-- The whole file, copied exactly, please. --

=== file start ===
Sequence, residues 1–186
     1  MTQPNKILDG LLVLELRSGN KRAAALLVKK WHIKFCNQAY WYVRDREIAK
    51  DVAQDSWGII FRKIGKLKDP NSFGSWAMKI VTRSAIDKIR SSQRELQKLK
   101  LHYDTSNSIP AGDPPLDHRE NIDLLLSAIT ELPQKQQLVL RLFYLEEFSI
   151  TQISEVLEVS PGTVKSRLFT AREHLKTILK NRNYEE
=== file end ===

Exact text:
Sequence, residues 1–186
     1  MTQPNKILDG LLVLELRSGN KRAAALLVKK WHIKFCNQAY WYVRDREIAK
    51  DVAQDSWGII FRKIGKLKDP NSFGSWAMKI VTRSAIDKIR SSQRELQKLK
   101  LHYDTSNSIP AGDPPLDHRE NIDLLLSAIT ELPQKQQLVL RLFYLEEFSI
   151  TQISEVLEVS PGTVKSRLFT AREHLKTILK NRNYEE